I have a question I’m totally flummoxed about… I recently went to a biokineticist who knows all about my diabetes, and we’ve worked out a strengthening program - a couple of stretches and a few exercises to do 4 times a week so that I can strengthen up for my upcoming travels. About an hour of exercise all in all, including a 20 min warm-up walk.
What I don’t understand, though, is that I’ve gone high after every exercise session so far… I expected to go low, and I’m having the opposite effect. How is this possible?
Has anyone else had this? Is it to do with adrenalin? (they’re pretty intense exercises.) Any advice, please?
Thanks so much!
Yes! I have a problem with going high during and/or after high intensity exercise! It’s so hard to wrap my brain around because it’s hard to keep my intensity exactly the same every workout, so I’m not always sure what I’m going to get. But more often than not, I’ll peak in the middle of it, start dropping immediately after or during cool down, and then spike maybe 20-30 minutes after I’m done.
Where as on the other hand, if the exercise is not very intense, my blood sugar will just get low! XD
My pump and CGM are what save me with exercise because I get to pinpoint exactly what my body is doing at each moment and discover trends–as best I can. When I first started working in an intense exercise routine, I was on MDI and had a severe problem with spiking anywhere from 200-400mg/dl after exercise. Time of day has a lot to do with it in my case as well. I exercise first thing in the morning, and mornings are tough for me blood sugar-wise anyway. But, changing the time of day of my workout just wasn’t an option. I’m making it work though! Just with lots of monitoring.
I have been told that strength-training will make your BS rise, and aerobic exercise will make it drop. For me though, I really relate it more to intensity, because I have days where I’ll rise while running because the running is super tough.
Will I did have the same situation caused by eating pizza before exercising and disconnecting my pump!
I have the same thing! I haven’t figured it out yet either. Do you eat before you exercise?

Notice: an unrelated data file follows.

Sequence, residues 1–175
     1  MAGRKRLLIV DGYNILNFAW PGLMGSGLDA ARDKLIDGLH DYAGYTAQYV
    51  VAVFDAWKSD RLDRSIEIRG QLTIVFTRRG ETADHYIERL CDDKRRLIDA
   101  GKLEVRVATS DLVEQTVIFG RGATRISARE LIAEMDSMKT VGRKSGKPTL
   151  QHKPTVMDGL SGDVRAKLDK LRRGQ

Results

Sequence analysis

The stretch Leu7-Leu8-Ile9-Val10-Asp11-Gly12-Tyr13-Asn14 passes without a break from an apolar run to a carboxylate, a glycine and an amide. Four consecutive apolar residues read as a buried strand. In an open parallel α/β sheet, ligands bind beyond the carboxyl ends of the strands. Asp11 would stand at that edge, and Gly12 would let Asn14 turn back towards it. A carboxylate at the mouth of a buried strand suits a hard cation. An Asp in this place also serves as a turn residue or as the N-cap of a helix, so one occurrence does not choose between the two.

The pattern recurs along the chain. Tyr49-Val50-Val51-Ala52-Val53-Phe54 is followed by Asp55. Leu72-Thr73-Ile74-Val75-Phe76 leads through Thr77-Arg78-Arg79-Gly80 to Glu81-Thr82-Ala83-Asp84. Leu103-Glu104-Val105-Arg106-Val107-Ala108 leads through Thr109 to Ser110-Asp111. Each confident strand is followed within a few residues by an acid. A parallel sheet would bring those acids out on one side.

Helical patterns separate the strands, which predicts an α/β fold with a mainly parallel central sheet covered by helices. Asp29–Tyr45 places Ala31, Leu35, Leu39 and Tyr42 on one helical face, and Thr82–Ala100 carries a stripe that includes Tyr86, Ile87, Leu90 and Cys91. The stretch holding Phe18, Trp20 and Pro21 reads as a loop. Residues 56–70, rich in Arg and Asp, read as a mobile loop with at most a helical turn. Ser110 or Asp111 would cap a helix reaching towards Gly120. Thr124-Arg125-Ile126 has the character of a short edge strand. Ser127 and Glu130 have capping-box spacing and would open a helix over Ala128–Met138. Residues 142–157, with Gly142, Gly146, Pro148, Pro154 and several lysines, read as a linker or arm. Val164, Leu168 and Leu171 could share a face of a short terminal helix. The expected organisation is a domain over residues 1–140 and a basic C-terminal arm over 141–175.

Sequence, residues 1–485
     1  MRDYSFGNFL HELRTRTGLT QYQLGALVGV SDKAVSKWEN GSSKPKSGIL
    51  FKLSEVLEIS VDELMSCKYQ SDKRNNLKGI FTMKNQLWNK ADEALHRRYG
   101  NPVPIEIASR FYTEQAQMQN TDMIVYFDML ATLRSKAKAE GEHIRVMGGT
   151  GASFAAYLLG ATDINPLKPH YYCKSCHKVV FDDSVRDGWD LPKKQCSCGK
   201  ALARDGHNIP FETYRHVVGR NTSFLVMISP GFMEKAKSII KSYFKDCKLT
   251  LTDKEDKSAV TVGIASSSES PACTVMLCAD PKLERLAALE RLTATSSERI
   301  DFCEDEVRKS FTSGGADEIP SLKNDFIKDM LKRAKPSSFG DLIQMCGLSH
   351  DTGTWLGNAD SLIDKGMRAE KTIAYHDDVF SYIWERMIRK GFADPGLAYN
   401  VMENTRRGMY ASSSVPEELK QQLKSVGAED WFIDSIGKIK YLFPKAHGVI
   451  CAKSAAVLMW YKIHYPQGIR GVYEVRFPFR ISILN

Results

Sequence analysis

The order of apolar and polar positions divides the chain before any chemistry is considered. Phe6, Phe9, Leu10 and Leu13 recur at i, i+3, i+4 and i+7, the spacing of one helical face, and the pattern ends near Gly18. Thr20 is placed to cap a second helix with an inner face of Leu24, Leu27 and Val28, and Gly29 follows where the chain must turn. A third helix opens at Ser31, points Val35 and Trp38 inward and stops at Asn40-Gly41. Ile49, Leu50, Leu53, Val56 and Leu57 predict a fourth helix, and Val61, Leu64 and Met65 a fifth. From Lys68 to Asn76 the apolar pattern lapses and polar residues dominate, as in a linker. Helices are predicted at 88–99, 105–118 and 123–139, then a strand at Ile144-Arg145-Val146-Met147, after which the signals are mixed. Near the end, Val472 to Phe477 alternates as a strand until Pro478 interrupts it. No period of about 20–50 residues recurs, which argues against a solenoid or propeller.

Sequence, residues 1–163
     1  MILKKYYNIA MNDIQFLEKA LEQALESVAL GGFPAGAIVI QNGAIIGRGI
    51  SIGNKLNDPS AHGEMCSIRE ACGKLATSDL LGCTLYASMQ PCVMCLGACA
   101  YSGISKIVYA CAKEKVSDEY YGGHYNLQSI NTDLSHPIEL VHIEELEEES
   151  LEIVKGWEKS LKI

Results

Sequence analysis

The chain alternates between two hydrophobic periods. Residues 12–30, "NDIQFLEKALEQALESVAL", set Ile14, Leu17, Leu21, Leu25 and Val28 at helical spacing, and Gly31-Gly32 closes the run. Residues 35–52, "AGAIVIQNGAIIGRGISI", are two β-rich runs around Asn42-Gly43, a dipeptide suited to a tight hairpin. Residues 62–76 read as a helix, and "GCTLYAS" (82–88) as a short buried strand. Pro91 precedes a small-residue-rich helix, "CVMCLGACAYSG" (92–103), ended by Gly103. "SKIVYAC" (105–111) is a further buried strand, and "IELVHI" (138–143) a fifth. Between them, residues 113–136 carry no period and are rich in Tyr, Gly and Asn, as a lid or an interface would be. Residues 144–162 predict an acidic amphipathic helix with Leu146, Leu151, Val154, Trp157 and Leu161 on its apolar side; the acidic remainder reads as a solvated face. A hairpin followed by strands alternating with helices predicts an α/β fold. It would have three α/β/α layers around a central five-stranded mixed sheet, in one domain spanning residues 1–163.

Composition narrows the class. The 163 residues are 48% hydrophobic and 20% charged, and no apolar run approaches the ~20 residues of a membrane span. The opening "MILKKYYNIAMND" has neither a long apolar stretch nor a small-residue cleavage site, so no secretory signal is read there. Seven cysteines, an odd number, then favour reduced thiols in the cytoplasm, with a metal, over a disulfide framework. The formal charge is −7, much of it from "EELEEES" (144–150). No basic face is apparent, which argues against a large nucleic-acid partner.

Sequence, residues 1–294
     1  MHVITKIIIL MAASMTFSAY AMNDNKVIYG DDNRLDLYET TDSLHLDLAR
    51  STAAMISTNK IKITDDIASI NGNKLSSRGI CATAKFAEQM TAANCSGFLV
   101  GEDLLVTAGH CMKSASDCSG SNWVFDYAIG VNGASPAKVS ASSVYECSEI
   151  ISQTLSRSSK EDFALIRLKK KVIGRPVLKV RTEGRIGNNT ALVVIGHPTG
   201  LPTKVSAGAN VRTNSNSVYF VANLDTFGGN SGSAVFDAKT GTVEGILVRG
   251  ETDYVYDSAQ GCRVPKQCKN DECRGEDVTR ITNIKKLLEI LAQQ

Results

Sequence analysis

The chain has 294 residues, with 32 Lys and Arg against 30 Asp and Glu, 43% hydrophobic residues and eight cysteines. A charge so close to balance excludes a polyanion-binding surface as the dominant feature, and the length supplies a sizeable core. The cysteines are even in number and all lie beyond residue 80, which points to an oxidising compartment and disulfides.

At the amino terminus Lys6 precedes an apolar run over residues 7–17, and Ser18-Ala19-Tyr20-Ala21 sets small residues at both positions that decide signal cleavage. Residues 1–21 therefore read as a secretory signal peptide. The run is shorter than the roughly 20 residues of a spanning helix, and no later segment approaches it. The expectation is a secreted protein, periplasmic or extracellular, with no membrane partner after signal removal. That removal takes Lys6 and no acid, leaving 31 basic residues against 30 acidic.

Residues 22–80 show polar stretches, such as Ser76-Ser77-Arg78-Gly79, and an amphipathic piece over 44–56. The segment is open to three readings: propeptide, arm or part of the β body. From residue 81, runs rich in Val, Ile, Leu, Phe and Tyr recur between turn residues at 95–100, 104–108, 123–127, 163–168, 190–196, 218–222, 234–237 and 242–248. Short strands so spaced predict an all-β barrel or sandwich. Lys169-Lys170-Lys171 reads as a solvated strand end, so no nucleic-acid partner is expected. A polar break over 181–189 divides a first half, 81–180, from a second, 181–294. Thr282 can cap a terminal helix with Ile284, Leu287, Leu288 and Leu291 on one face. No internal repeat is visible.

I am on an insulin pump and I reduce my basal insulin to 50% about a half hour before I exercise and leave it there for an hour. I exercise (rollerblading or running) for 45 minutes to an hour.
When I get back, usually my blood sugar is great, but goes high in the next half an hour. So I started taking insulin as soon as I get back.
I will be curious to read the other answers!
This happens to me all the time, particularly with intense aerobic exercise, but less so with weight training. During the exercise, BG goes down. As soon as it stops, it goes up, often dramatically. It was explained to me that the adrenalin rush caused by the exercise can trigger a release of glucagon from the liver, which increases BG as soon as the exercise stops using the BG that you have. For me, when I go low after exercise, I do not correct it, because I know I will be ok within a half hour. As a pumper, I use a reduced basal rate before the exercise to get myself a little high so I don’t get too low during the workout. Then, as soon as the exercise begins, I use a higher basal rate to keep myself from going up too high after the exercise.
Happens to me all the time…especially in the mornings when the hormones are all haywire. What time are you doing your workout?
Hmm… fascinating! Thanks.
I’m exercising in the morning, before breakfast, but I’m on insulin injections (pumps haven’t really reached South Africa yet!)
I thought it might be the adrenalin thing, I’m going to do half the number of reps tomorrow and see what happens. Otherwise up the insulin.
Yes Bridget, me too. This happens to me when I exercise before breakfast and I’m on shots too If I do very intense weight training in the morning with no breakfast, the sugar shoots up by a lot. Frustrating!!!
Try eating some carbs and taking a little fast acting insulin pre-workout. I think because your body is out of food before breakfast, the stress from your early morning workout is causing your liver to pump out glycogen. Of course, don’t forget to bring your monitor and glucose to the gym, you’ll probably want to see how things progress throughout your workout.
This method has helped me a little, but its still hit or miss.Let me know what works, I’m very interested as I’ve just about given up on morning workouts. I’ve had much better success working out during the afternoons and evenings.
After strenuous exercise, the liver release glycogen, because during exercise you depleted carb storage. This happens more on aerobic exercise like running ect. That happens to my always after a give an 1hr Spinning class. My nutritionist recommended to take 15gm of fast acting carbs, like example 4oz juice, the ones that comes in little boxes, the ones that you use for your kids snack. This will help replenish the carb storage that is depleting due to exercise, and preventing but not at all the glycogen release from the liver. So your BG may go up, but not as high, and will be easier to bring it down with a correction shot. I snack 1hr or 30 min before giving my Spinning class 15gm carb and a protein, this helps too. But be sure to test before, during if possible and after.
It’s actually any exercise that releases a large amount of stress hormones. Running can do it, but it has to be a very strenuous run. In Type 1s, the hormone that signals the liver to stop releasing glycogen is not present, as it is produced by the islet cells which we don’t have. A Symlin injection right after exercise can do the trick. Once the release of glycogen has begun I don’t know that it can be stopped by ingesting more carbs. That hasn’t been my experience, anyway. In any case, exercise is a fine balancing act, especially strenuous exercise.